A symbolic first spike was removed from the rail line in Bellevue on January 8. Selling the surplus rails is likely to help fund trail improvements. Rail removal will facilitate construction of an interim trail, potentially starting in 2017. Executive Constantine indicated the interim trail would begin with an extension from Kirkland to meet the SR 520 trail, creating a continuous connection “from Totem Lake to Montlake”.
Kirkland. Rails have been removed through Kirkland, and an interim crushed-gravel trail put in place. Since opening the interim trail in the fall of 2014, the city has focused on improving neighborhood connections to the trail, with walkways and stairs to many adjacent streets. The most ambitious connection to date will open in 2017 in South Kirkland, where Kirkland is building an elevator and bridge to connect the transit station to the trail.
Kirkland’s master plan anticipates permanent paved trails on the Cross-Kirkland Corridor. Most sections will evolve to a shared use trail for bikes and other faster users, and a slower walking-only trail alongside. The plan describes a shared multi-use corridor with trails generally on the west side and transit to the east, and this general placement was acknowledged in Sound Transit’s recent studies. Kirkland’s development regulations encourage local businesses to face the corridor. Google’s recently expanded campus straddles the corridor with the first paved section of trail in the middle.
Redmond. Legacy freight rails have also been removed on the corridor spur in Redmond where East Link will terminate, and a trail is being built in phases along Redmond’s entire portion. The first phase from downtown Redmond to the Sammamish River Trail was completed in 2013. A second phase, north along Willows Rd to the 9900 block, will be completed this year. A third, and final, phase to about 124th St remains unfunded. That would connect the trail on the Redmond Spur to the nearby County-owned trail north of Kirkland.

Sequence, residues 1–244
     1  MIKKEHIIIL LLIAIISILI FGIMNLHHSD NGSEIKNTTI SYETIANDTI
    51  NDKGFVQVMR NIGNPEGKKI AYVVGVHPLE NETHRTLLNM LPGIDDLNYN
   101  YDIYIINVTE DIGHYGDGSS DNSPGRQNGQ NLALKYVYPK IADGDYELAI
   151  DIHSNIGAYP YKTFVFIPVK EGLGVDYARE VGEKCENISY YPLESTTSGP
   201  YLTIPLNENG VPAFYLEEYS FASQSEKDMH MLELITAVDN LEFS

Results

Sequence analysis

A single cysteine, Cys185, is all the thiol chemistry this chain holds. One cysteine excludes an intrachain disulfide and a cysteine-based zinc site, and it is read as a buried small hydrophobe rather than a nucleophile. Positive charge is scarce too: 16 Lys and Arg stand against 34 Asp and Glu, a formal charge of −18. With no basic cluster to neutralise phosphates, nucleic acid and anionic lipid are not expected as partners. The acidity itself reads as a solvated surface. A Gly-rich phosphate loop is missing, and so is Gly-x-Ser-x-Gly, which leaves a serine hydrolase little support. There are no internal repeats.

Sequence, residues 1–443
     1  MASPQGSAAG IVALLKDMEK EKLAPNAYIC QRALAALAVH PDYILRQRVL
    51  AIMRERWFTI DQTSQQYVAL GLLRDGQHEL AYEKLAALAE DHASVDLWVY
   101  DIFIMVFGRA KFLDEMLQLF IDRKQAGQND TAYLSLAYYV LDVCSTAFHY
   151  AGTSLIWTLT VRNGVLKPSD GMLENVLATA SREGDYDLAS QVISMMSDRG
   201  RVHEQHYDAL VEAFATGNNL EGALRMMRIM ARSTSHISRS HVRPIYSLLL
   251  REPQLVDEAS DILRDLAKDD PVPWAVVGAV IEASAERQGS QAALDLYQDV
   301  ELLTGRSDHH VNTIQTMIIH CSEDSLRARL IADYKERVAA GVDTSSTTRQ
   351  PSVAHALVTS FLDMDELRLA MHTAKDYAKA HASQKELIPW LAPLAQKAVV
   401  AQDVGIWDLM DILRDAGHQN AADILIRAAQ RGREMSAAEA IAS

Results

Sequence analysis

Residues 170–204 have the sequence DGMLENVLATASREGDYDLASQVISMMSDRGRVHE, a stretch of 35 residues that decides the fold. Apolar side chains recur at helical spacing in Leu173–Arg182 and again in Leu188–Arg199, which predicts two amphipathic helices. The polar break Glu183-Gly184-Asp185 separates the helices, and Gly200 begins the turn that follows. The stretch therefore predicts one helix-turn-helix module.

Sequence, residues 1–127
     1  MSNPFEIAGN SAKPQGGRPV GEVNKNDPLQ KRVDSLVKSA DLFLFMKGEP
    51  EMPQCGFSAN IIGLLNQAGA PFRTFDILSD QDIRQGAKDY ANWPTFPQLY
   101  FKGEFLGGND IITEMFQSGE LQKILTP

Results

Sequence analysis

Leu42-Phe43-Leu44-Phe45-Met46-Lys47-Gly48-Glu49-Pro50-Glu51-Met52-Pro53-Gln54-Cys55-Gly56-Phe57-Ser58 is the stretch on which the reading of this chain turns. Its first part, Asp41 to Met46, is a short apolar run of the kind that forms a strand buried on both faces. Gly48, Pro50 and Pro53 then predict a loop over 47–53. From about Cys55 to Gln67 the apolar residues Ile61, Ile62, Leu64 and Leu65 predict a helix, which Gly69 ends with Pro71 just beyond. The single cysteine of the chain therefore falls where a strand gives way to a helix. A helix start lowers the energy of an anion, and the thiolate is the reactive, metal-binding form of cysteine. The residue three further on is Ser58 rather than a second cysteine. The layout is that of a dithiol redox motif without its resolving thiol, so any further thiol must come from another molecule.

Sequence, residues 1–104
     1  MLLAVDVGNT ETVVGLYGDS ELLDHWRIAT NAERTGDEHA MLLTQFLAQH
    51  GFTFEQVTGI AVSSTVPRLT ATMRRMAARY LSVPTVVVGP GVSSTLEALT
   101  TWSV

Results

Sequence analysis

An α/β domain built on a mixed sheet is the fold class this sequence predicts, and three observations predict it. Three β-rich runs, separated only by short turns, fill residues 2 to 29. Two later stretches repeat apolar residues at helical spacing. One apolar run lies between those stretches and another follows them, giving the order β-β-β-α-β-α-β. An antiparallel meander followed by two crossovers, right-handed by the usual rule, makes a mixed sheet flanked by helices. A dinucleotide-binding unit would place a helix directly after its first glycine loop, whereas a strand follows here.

Bellevue. The corridor within the city of Bellevue is owned by King County and Sound Transit. Bellevue has focused on planning connections from the ERC to the community. Most notably, planning has begun on a ‘Grand Connection‘ linking the ERC, through downtown Bellevue, to Meydenbauer Bay. The connection would promote walking and bike use from downtown to Wilburton, including a crossing of I-405. The connection will influence the land use patterns of the Wilburton commercial area by improving connectivity to downtown and the ERC trail.
Snohomish County has agreed to buy a 12-mile section of corridor from the Port of Seattle, culminating an on-again, off-again negotiation over several years. That will allow Snohomish to build a trail alongside the tracks, connecting the King County trail to the south with the Centennial trail to the north. Rail lines would remain in service for freight and perhaps excursion service. The deal is anticipated to close in April.
The first Eastside Rail Corridor Summit was held in Bellevue in January. The well-attended event was an opportunity for governments and nonprofits to identify priorities for corridor development. Speakers included urban planner Ryan Gravel and former Atlanta City Council president Cathy Woolard, both closely associated with the Atlanta Beltline. The Beltline has obvious parallels to the ERC; it is a 23-mile former freight rail corridor that is being developed as a trail system with transit alongside.
Eastside Greenway Alliance. Announced at the ERC Summit, the Alliance is an association of non-profit organizations with interests in trails and transportation. The Eastside Greenway Alliance set a goal of a “fully built connected multi-use corridor from Renton to Woodinville” by 2025. The Alliance will advance multi-use development of the ERC through community engagement, fundraising and advocacy.